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Nobel Prize winning author Kazuo Ishiguro says authors are self-censoring over cancel culture fears

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The tide may not quite be turning yet, but more and more public figures from the very circles that helped nurture wokeism and cancel culture – artistic elites and high-profile entertainers – are starting to openly criticize these as harmful purveyors of censorship and fear.

Celebrated Japanese-born author and Nobel Prize winner Kazuo Ishiguro, who was in 2019 knighted in his adoptive country, the UK, has added his voice to these critics, showing particular concern about the younger generation of writers and how the current climate might adversely affect their work.

Ishiguro came down hard on cancel culture, calling its proponents anonymous online lynch mobs, and a danger to creativity and free expression especially among the less well-known authors, forcing them to self-censor and abandon, out of fear of repercussions, the art of writing from a perspective other than only their own.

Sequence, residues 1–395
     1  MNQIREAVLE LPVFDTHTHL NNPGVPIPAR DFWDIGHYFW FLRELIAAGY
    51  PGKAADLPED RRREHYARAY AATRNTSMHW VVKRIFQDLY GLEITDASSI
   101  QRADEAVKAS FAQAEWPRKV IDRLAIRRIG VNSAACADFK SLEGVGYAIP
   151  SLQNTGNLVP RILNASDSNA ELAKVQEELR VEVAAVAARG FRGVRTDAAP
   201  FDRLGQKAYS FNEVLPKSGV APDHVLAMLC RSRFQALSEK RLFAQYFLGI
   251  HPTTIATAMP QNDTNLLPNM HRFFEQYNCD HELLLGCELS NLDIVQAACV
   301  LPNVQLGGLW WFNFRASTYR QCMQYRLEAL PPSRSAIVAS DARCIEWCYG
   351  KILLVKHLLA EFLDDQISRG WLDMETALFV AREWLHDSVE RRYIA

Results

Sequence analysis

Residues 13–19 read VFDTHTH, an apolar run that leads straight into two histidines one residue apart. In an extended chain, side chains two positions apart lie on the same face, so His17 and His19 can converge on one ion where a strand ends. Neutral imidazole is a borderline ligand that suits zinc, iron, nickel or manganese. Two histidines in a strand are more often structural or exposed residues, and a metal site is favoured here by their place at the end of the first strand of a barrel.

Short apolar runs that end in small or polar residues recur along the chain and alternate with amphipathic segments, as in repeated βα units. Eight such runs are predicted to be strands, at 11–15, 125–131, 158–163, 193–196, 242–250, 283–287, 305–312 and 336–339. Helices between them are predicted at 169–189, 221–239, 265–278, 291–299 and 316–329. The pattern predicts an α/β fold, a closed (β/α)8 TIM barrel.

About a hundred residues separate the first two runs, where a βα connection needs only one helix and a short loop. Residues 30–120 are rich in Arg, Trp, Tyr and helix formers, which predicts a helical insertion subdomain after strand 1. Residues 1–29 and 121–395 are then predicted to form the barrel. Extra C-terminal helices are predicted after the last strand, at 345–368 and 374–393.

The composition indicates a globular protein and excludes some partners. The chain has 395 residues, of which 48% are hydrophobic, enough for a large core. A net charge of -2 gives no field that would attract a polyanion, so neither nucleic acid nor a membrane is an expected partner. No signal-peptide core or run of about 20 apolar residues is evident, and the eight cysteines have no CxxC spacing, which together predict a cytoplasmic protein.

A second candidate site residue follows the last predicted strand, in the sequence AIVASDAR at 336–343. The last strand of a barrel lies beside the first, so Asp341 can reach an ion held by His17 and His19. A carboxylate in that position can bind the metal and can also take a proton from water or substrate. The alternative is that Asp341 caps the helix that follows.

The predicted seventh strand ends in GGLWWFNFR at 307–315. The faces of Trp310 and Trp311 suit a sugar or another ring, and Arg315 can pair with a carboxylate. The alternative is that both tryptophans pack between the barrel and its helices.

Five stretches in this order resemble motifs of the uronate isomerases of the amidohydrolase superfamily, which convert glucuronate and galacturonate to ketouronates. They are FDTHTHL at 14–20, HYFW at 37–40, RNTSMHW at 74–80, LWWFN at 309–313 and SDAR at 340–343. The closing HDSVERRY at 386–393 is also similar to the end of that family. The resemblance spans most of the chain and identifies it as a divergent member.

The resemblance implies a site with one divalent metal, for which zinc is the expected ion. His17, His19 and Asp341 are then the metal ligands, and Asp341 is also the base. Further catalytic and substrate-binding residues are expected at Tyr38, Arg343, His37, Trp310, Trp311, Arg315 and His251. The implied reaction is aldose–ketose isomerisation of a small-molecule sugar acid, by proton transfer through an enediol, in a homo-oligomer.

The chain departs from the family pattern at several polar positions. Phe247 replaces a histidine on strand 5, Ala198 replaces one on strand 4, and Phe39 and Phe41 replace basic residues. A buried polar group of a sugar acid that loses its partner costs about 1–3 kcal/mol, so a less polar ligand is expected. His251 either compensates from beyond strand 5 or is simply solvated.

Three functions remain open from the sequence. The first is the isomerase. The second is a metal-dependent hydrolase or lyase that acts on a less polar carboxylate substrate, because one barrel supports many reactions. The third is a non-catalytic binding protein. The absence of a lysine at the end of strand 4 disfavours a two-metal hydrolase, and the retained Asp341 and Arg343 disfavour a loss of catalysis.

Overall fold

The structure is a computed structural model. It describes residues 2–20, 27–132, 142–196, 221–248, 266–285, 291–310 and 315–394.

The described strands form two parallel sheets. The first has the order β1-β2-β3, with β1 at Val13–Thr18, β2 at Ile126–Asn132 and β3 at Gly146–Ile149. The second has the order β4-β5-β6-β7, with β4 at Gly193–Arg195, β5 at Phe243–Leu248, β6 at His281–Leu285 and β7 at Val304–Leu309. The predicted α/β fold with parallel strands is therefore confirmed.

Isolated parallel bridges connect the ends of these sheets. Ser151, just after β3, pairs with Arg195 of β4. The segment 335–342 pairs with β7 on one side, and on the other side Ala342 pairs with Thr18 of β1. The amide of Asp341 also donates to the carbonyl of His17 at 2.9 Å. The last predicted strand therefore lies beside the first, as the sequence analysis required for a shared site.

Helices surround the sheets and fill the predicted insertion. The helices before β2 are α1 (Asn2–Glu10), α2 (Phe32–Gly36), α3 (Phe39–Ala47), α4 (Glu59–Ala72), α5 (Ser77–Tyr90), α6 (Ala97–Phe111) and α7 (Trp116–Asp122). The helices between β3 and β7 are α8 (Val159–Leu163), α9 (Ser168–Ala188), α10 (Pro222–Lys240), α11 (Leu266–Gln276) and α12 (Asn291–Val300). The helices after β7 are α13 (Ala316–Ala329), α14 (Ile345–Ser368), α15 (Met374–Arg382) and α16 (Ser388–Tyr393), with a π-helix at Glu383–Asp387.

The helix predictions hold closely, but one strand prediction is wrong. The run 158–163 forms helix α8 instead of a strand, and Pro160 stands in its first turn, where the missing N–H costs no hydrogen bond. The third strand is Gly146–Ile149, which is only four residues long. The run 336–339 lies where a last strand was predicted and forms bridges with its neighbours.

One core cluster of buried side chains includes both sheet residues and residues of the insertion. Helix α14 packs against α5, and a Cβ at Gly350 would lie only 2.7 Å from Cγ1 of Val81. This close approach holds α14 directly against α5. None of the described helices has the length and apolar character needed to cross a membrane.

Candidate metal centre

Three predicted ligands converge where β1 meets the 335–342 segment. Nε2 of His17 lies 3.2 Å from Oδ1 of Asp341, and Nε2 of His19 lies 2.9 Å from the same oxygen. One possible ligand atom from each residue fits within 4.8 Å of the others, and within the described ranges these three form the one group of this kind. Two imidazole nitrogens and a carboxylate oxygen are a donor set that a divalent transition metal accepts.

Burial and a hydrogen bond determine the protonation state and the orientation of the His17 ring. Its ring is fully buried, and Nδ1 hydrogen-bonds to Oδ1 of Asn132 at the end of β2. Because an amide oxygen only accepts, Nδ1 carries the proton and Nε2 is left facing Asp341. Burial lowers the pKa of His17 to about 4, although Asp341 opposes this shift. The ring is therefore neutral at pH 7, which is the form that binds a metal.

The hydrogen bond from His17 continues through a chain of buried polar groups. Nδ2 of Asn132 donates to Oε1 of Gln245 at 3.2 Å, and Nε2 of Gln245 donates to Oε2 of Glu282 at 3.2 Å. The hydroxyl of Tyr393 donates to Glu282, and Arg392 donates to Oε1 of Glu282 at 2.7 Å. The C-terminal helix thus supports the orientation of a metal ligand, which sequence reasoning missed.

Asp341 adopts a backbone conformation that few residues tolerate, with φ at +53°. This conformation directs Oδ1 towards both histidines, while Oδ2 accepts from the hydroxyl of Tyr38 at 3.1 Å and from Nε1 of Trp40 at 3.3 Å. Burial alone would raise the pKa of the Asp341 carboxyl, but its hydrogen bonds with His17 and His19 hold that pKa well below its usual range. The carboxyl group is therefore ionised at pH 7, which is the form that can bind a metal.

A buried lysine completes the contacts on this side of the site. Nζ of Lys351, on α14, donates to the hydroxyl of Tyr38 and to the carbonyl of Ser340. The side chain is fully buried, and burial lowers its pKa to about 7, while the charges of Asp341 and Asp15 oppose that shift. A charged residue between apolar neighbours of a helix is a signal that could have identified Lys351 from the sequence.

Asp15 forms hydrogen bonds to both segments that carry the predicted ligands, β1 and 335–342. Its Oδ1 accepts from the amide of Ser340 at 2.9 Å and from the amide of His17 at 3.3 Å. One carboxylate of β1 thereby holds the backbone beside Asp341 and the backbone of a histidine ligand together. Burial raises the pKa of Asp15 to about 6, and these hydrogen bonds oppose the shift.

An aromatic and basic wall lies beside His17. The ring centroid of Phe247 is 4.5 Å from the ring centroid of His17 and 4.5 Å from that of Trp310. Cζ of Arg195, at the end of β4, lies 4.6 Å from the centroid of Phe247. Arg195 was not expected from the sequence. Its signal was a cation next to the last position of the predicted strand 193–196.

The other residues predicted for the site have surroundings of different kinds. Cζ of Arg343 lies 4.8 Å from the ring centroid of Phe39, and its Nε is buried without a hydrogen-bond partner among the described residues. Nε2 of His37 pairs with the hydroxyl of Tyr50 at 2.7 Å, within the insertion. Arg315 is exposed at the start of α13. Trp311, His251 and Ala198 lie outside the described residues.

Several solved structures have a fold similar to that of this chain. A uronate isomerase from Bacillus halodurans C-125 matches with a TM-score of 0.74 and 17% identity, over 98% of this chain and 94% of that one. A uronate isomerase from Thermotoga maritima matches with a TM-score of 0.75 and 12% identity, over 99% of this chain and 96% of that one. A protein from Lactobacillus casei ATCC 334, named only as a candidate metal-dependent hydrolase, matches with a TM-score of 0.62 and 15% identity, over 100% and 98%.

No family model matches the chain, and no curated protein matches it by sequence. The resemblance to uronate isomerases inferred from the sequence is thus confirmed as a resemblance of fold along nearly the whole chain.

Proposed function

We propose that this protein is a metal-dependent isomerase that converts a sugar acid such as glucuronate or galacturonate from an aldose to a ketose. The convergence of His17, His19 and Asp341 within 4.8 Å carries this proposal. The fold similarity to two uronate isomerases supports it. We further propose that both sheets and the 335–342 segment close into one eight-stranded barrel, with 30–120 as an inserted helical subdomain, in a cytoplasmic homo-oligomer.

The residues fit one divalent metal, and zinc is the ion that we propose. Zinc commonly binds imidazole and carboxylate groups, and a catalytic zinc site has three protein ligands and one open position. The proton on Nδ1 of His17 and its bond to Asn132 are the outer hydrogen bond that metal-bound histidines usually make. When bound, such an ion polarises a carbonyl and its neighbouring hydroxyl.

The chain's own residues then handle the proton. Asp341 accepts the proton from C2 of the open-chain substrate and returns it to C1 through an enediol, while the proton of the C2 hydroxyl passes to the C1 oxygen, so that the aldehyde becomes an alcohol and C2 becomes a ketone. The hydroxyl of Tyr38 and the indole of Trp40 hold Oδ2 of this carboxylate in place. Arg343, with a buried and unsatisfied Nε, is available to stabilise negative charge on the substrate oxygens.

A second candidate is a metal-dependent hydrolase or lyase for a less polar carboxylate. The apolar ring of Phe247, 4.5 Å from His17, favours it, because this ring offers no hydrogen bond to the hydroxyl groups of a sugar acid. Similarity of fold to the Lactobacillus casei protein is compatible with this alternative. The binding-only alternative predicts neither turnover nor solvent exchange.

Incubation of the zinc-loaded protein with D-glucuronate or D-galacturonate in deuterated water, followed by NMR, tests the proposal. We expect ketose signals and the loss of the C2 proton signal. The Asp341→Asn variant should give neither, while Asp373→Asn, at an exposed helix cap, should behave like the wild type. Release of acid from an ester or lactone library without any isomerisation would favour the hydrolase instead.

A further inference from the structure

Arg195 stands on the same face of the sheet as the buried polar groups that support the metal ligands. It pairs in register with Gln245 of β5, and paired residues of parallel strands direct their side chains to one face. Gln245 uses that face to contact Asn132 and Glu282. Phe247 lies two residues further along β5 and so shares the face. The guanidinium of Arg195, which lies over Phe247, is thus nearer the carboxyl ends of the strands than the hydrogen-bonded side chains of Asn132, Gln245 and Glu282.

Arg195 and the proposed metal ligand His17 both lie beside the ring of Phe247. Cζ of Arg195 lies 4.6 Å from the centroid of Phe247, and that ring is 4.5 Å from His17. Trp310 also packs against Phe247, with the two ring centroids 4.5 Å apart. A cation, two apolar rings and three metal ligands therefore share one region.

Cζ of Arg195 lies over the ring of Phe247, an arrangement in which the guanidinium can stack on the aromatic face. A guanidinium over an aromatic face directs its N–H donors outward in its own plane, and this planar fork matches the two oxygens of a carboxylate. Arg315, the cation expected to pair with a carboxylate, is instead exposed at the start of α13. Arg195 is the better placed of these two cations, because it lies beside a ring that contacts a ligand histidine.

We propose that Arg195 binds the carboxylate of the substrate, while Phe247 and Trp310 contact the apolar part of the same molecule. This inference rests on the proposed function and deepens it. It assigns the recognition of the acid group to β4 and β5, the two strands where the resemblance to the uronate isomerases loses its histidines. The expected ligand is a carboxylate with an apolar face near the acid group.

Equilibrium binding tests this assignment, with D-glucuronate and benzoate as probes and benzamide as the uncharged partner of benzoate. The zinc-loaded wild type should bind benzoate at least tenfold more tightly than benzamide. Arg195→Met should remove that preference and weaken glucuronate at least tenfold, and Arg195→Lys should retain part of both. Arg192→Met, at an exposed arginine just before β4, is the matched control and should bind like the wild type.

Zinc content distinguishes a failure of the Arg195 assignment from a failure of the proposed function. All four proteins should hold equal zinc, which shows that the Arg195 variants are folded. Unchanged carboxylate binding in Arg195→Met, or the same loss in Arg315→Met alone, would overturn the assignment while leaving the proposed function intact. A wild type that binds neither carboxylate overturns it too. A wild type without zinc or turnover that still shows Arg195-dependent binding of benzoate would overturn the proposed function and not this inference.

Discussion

“Novelists should feel free to write from whichever viewpoint they wish or represent all kinds of views,” he told the BBC, pointing out that as a young author, he was free to write from points of view unrelated to his own identity, including from that of a woman.

Salman Rushdie previously expressed his concerns that literary expression might be stifled if writers are forced to deal only with their own experiences. Rushdie has had a close run-in with extreme cancel culture – when Iran issued a fatwa, an execution order against him, because of one of his books.

By voicing his criticism, Ishiguro joined a growing “club” of world-famous authors, philosophers, journalist, and musicians – like JK Rowling, Noam Chomsky, Gloria Steinem and others who were in 2020 among hundreds of their peers to sign an open letter against censorship and public shaming, resulting in ostracism – a fancy way to describe the phenomenon of “canceling” people for their opinions or beliefs, and even creative expression.

Ishiguro believes that his illustrious career, age, and status protects him from becoming a victim.

“Perhaps it’s an illusion but I think I’m protected,” he told British media.

Others who have spoken out recently include musician Nick Cave, who took particular issue with what he said was “refusal to engage with uncomfortable ideas” – while 81-year-old TV personality and novelist Prue Leith proves that not only young and less established authors are at risk.

Last year, she gave up on publishing a novel “because they (the publisher) kept wanting to tell me what was politically correct.”

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